8.00 am.

Ashok Nagar Bus Depot…

It was time to board the mini bus.

But he waited just by the side of it as other passengers filed in one after the other.

It was a peak summer day. The sun smiled broadly showering its warmth generously on Mother Earth. Beads of perspiration formed on his forehead. He wiped them off with the handkerchief. The frugal shadow cast by the bus provided minimal respite from the burning brightness. But he was not bothered about the heat or the flies that persistently and irritatingly buzzed around him. His gaze was fixed on the mouth of the gully on the other end of the main road. The movement of the traffic was increasing gradually blocking his view now and then. However, the speeding vehicles did not distract him.

It was time for her to come…the girl with the thoughtful look.

She was his co-passenger and took the 8 o’clock mini every day to Dalhousie Square, the corporate hub of Kolkata, where she de-boarded – most probably she worked in one of the offices situated there. Which one? He did not know. Perhaps he would ask her one day or follow her and find out. He had been observing her for the past few months. There was something very different, very unusual and unique about her. The bespectacled girl had an aura of seriousness about her which was suggestive of a sweet sincerity, an enigmatic innocence that was uncommon and at the same time oddly attractive and alluring. Her long, dark, glistening hair cascaded down to her waist. Her thin, reed-like figure was always clad in hand woven, cotton sarees. She was fond of reading and always had a book or a magazine open on her lap during the bus journey. She never looked up. Her concentration never wavered. Her eyes never strayed towards the other occupants of the bus. He was doubtful whether she realized that he travelled with her every day. But he knew each and every slightest of movements of her body. How she bent her head a little too low while reading, how she wiped the sweat off her face with her hanky now and then in the over-crowded interior of the bus, how she turned a little to her side and asked for a ticket in a soft, pleasing tone, how her lips pursed up and brows creased when she was in deep musing – he had mugged up, rather, soaked in all these little, insignificant details about her day in and day out. That was why he chose to sit one seat behind her always – so that he could stare at her unnoticed.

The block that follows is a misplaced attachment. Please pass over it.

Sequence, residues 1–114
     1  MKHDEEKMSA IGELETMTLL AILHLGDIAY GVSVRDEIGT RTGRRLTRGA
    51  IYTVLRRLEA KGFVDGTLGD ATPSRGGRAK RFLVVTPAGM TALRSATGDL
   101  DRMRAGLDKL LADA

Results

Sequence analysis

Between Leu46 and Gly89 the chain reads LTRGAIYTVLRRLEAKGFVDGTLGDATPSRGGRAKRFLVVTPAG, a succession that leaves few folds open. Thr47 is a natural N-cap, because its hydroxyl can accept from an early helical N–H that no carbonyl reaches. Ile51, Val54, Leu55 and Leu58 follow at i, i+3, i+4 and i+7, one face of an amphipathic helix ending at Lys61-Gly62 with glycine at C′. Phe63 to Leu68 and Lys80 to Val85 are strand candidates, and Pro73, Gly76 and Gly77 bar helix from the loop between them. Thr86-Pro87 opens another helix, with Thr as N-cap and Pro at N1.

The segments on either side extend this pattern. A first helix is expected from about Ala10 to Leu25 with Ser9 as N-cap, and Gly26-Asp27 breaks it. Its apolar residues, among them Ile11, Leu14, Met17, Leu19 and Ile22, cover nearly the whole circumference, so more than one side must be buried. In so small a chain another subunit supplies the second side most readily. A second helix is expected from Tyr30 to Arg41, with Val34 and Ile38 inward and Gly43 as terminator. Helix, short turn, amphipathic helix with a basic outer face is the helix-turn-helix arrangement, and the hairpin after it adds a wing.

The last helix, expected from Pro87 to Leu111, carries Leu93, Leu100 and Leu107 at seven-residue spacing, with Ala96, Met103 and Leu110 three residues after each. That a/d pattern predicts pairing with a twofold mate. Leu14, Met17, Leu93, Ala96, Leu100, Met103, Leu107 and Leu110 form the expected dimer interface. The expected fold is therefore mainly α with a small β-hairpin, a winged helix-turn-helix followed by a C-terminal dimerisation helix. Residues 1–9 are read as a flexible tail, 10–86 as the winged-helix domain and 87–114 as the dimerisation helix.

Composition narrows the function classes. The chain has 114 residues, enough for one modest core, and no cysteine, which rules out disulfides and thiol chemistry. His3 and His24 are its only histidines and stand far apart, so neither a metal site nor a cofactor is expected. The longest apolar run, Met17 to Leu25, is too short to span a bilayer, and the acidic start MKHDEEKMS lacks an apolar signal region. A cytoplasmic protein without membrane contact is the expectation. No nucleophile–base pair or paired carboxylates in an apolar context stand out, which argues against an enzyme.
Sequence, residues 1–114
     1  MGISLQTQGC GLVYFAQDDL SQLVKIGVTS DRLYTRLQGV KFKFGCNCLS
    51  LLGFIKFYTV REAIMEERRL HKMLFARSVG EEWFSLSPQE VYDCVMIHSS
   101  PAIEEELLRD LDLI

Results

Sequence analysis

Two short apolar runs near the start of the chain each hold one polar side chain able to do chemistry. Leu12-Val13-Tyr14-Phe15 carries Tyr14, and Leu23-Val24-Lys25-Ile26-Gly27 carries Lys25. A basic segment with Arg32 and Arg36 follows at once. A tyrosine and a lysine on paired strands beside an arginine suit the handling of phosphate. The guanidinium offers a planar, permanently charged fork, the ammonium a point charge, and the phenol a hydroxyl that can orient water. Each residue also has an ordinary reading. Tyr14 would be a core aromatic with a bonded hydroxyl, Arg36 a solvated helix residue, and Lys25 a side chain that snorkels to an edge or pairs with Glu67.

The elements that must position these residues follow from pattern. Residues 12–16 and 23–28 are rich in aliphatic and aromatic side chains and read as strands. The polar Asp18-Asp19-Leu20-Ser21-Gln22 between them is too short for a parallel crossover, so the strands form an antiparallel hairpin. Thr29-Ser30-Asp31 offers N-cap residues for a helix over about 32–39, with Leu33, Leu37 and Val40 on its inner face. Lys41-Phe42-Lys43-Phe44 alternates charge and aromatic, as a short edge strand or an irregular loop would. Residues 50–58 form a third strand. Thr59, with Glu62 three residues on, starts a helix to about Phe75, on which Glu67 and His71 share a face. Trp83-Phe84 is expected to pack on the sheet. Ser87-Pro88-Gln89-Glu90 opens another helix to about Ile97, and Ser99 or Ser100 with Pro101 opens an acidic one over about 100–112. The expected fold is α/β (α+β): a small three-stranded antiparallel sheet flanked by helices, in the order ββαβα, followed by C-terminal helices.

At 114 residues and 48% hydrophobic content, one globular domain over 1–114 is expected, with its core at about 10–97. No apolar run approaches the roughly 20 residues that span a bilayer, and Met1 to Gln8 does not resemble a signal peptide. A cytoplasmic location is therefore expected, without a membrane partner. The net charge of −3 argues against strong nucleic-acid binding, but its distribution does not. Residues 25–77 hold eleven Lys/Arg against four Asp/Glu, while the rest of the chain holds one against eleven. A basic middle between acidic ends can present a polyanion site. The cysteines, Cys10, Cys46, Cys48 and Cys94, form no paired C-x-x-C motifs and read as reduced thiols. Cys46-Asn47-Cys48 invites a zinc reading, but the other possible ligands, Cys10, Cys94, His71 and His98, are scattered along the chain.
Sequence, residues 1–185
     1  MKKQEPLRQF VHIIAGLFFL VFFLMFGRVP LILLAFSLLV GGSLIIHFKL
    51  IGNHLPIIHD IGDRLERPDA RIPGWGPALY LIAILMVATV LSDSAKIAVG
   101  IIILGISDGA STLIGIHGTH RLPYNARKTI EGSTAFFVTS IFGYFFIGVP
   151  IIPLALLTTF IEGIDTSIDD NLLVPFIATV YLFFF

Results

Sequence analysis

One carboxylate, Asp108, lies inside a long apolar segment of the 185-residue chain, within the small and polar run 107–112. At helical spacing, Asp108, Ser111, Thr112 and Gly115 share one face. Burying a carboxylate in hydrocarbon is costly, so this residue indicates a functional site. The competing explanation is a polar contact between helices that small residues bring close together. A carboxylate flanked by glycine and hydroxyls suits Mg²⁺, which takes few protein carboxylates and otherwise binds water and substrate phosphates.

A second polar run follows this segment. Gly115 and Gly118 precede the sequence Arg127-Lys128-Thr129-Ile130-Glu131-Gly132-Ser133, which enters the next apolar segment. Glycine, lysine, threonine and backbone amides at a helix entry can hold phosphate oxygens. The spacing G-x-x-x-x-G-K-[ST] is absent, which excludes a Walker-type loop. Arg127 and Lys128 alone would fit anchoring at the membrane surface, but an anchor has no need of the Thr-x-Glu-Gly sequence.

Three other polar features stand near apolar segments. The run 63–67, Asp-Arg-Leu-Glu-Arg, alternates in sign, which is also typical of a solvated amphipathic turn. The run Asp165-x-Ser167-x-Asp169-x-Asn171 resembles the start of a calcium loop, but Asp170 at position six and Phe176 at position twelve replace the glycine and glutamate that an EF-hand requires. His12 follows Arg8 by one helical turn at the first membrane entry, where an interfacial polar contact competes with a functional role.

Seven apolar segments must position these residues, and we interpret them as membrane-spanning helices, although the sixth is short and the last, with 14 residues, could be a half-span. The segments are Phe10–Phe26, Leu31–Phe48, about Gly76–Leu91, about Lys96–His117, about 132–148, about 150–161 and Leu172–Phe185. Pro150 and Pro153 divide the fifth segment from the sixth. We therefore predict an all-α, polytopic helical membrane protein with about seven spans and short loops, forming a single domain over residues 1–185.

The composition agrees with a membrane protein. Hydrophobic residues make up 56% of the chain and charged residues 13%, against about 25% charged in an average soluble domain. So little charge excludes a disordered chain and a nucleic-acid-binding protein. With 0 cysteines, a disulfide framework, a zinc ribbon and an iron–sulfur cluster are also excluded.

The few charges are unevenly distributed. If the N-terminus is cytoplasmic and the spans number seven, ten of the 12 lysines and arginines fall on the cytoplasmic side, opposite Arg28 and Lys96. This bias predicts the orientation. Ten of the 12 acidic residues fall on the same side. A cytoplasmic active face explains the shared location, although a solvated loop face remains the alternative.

He knew she stayed in the third gully off the main road– the house in the corner just next to the lamp post with the green grills and door. He had followed her stealthily one evening and found that out. It was a big house and the locked entrance had a kind of invincibility, a sense of impregnability about it. But one day he was sure to barge in through that gate. What would he do thereafter he was not very sure but the thought of gate crashing into her domain was an oft-replayed dream sequence that enlivened his days and nights– a soothing anointment to his diffident manhood.

At times he wondered what her name was – Kuhu, Piya, Peeluor Riya ? Lovely pet names but these did not go well with her persona. She should have unusual, dignified names to match her personality extraordinaire – Shreyasi, Somashreya or Paramtapa? He loved to carry on with this guessing game but could hardly muster enough courage to approach her and ask her name. But no more wait. He decided all of a sudden that today was the day to tell her that he wanted to be friends with her. He wanted to know everything about her – her likes and dislikes, her thoughts and desires, her passions and fears. And what if she snubbed him off? He would accept that as well. He would take in even her hatred and jeers. He was ready for every possibility, every outcome.  He had to talk to her. As soon as she arrived he would go up to her and introduce himself. He waited for the moment with baited breath.